NICHOLASVILLE — A candidate for Jessamine County judge-executive paid $733 in fines and court costs last month after pleading guilty to illegally importing protected wildlife into Kentucky.
Mark A. Tucker, 50, the Republican candidate for judge-executive, pleaded guilty in June to illegally buying and importing wild turkeys and to buying them without a permit. All the charges are violations punishable by fines.
Tucker, who owns a carpet-cleaning company and a fire- and water-damage restoration company, said he'd been planning to run for several years before he was charged. He faces incumbent Judge-Executive Neal Cassity in the November general election.
"I think the whole thing is ridiculous, and it's one of the reasons why I'm running," Tucker said. "I'm running because laws need to be changed, and I would like to be in a position to help my county."
It is illegal for the general public to possess a live wild turkey in Kentucky. A wildlife transportation permit, issued by the state Department of Fish and Wildlife Resources, is required of anyone bringing wildlife into the state.
Wildlife biologists say importing wild turkeys into Kentucky puts the state's native turkeys at risk of contracting diseases for which they have no natural immunities.
"It's a pretty serious issue with wildlife, and it's well-documented that an awful lot of wildlife diseases are transported around the state on the backs of trucks," said Mark Marraccini, spokesman for the department. "It's a big concern to biologists who work with and manage our wildlife resources."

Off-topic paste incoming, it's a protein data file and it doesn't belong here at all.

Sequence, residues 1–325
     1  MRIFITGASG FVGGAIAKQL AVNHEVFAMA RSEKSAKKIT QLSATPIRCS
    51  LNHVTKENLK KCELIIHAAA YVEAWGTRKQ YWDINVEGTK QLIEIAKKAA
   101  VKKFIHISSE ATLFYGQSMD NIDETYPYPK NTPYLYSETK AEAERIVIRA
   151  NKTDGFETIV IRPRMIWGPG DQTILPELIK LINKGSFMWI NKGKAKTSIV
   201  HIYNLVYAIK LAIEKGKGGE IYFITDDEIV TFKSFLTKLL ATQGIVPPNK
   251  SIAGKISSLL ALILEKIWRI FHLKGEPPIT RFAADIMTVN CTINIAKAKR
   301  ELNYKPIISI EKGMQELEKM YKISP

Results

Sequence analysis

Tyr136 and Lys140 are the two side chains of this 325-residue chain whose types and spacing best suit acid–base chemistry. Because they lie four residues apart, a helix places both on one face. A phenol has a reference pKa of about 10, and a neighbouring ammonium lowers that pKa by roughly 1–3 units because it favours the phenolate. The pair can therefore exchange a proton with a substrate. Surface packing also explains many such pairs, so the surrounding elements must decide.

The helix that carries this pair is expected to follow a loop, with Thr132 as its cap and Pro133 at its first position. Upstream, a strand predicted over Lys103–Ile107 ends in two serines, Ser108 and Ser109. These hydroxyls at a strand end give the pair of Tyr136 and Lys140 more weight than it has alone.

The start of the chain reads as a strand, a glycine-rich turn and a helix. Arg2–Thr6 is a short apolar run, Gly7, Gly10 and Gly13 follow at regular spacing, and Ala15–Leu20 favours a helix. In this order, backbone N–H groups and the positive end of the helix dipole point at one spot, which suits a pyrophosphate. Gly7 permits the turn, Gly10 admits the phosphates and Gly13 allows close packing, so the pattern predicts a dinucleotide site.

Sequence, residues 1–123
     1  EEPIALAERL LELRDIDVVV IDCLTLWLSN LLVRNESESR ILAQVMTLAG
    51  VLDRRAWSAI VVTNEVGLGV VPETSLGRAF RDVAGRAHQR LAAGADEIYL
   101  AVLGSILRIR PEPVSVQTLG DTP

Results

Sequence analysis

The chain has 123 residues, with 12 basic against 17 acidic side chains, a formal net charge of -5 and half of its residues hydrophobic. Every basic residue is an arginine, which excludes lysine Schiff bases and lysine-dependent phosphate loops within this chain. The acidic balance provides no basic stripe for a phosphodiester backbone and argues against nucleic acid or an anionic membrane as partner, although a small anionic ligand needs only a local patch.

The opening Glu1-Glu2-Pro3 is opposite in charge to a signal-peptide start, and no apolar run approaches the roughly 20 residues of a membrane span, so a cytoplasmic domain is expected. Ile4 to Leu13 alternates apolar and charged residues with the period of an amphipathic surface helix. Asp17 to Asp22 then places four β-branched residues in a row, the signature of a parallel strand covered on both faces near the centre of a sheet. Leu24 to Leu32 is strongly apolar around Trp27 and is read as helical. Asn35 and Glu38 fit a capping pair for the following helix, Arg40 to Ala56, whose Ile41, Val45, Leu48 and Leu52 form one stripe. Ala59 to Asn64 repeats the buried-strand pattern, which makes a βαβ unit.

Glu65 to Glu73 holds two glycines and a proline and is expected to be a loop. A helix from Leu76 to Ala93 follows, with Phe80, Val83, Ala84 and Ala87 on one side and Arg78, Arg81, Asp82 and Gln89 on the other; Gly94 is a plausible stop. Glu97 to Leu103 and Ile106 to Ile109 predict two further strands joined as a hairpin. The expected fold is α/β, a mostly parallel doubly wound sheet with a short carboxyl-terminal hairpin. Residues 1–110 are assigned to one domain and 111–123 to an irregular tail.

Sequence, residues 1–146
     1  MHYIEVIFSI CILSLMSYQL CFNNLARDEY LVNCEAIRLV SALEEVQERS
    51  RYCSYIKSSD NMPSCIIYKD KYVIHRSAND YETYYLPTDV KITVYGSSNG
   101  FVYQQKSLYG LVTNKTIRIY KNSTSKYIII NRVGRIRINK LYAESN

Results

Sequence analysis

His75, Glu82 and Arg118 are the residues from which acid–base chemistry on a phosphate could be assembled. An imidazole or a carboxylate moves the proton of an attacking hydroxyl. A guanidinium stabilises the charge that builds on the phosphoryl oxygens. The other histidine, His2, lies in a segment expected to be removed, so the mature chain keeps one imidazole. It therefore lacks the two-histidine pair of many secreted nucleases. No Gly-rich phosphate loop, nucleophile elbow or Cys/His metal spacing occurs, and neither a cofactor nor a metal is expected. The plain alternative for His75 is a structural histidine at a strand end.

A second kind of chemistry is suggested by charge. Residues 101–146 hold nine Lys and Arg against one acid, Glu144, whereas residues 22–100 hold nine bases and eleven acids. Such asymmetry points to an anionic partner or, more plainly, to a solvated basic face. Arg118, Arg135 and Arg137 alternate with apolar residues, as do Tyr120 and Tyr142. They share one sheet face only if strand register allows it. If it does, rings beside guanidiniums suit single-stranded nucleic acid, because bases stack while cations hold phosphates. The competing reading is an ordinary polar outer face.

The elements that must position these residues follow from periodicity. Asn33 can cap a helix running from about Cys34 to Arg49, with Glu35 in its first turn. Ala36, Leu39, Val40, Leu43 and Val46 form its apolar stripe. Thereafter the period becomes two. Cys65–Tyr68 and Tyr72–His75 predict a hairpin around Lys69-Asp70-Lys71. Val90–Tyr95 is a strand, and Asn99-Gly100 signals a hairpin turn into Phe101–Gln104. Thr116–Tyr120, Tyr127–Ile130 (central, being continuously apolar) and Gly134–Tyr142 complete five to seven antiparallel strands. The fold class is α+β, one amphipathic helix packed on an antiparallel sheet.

Tucker said Monday he was unaware that a permit is needed to buy wild turkeys. He said the turkeys he bought as chicks and raised to 20- to 30-pound adults were meant to be eaten, and he had no intention of releasing the birds into the wild.
Tucker said the birds he bought are "domesticated fowl. They're not wildlife."
"I wasn't going to release them. I was raising them to eat. As a matter of fact, they stayed with the rest of my turkeys right there ... in a fenced-in area," Tucker said. "My birds were vaccinated, and they were healthier than the ones that are in the wild."
Although he was charged with buying and possessing six turkeys, Tucker had already eaten two, and a raccoon killed a third. Tucker said the state confiscated the remaining three birds and killed them.
Tucker pleaded guilty to six counts of "propagation and holding of protected wildlife without a permit" and one count of "buying/selling/transporting of protected wildlife." Five other counts of the latter charge were merged into one count.
Jessamine District Judge Janet Booth fined him $50 on each count of the propagation and holding charge, and $300 on the buying/selling/transporting charge, plus $133 in court costs.